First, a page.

the most intuitive software. It does almost anything that you can think
of and it's insanely flexible, but it's also a nest of menus, options and
choices. If you fancy putting in some time to tweak your phone
perfectly to your liking, the Nexus S will prove a great choice. But, if you
want a phone that doesn't challenge your brain cells, stay away.
Besides the tweaked interface, Gingerbread's most significant features might not be of much use to many users.
For example, the Nexus S supports NFC (near field communication). It's a wireless technology that lets you wave your phone around near NFC-enabled stickers to do things like prompt a browser session. The sexy side of this technology would be using your mobile as an Oyster card on the London Tube, or paying for goodies using contactless-payment systems.
But it doesn't look like we'll be able to use the Nexus S for any of those purposes over here any time soon -- NFC is, like so many cool things, mostly big in Japan. Instead, we're more likely to see NFC being used to subject us to marketing bumf -- for example, film posters that load up an associated website when you wave your phone at them. But, hey, that's how QR codes started, and now they're catching on as a way to share Android apps.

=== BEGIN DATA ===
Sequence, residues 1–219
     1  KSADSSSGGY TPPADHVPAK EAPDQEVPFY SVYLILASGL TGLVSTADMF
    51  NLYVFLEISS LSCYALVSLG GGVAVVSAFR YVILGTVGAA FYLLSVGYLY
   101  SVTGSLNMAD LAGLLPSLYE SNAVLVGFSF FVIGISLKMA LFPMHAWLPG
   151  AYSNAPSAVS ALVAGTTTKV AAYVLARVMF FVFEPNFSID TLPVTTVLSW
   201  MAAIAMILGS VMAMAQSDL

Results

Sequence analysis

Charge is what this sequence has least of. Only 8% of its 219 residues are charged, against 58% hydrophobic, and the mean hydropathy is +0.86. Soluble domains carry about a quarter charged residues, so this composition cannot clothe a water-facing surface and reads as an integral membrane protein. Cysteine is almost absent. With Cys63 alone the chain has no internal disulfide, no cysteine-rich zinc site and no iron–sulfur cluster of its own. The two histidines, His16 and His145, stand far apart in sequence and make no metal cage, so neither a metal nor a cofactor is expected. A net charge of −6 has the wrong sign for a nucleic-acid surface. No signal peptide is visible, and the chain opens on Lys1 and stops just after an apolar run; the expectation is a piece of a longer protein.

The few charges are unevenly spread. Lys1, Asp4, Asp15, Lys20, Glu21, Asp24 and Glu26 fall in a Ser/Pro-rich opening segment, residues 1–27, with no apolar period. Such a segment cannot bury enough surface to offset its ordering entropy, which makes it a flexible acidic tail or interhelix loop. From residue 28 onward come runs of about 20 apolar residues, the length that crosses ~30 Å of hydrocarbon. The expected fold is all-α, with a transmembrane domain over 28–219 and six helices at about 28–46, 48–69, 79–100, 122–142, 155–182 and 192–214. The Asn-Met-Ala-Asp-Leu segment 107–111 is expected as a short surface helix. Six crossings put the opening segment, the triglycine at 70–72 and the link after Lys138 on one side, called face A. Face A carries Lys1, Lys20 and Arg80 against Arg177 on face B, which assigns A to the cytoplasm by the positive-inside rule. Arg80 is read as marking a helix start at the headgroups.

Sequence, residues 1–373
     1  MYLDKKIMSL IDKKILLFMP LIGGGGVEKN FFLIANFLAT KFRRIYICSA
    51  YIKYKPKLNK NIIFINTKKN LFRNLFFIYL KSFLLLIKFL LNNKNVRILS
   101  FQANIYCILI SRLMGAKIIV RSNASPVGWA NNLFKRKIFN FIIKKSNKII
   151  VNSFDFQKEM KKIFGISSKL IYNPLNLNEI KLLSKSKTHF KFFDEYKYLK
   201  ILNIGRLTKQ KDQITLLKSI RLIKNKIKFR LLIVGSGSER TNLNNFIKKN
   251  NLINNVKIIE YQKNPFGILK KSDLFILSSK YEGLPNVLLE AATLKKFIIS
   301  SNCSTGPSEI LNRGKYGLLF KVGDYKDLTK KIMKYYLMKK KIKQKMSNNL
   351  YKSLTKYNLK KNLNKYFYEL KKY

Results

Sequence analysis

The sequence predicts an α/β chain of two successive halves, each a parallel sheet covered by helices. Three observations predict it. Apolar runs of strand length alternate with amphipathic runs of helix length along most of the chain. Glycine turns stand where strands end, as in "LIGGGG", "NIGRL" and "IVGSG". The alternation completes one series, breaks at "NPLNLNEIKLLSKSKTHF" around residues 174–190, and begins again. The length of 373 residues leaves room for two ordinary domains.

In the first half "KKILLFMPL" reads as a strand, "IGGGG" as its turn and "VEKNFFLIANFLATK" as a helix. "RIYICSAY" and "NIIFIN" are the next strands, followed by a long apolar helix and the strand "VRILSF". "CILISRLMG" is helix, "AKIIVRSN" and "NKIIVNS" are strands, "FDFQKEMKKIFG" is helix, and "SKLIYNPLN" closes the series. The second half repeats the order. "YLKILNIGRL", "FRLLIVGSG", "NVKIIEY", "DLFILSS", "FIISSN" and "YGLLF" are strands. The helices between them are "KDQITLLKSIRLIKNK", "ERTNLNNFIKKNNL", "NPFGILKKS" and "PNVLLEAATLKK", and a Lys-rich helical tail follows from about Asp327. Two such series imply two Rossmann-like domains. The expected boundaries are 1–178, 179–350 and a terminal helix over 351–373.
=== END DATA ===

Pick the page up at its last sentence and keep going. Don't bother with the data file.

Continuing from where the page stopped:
The other headline feature for Gingerbread is SIP -- the protocol that lets you make voice calls over the Internet, also known as VoIP calls. The Nexus S has SIP built in, so you can make calls over the Internet without installing a VoIP app from the Android Market. This feature doesn't use Google Voice, Google's own VoIP service, because it isn't available in the UK yet. Instead, you'll need an account with one of the various SIP providers.
We tested SIP using Sipgate, which has
the appealing quality of being free. Setting up this feature definitely isn't intuitive, and we found we had to turn to Google's retro PDF
manual. But once we fiddled around, setting up the account
in the phone's settings and getting the SIP accounts of our contacts,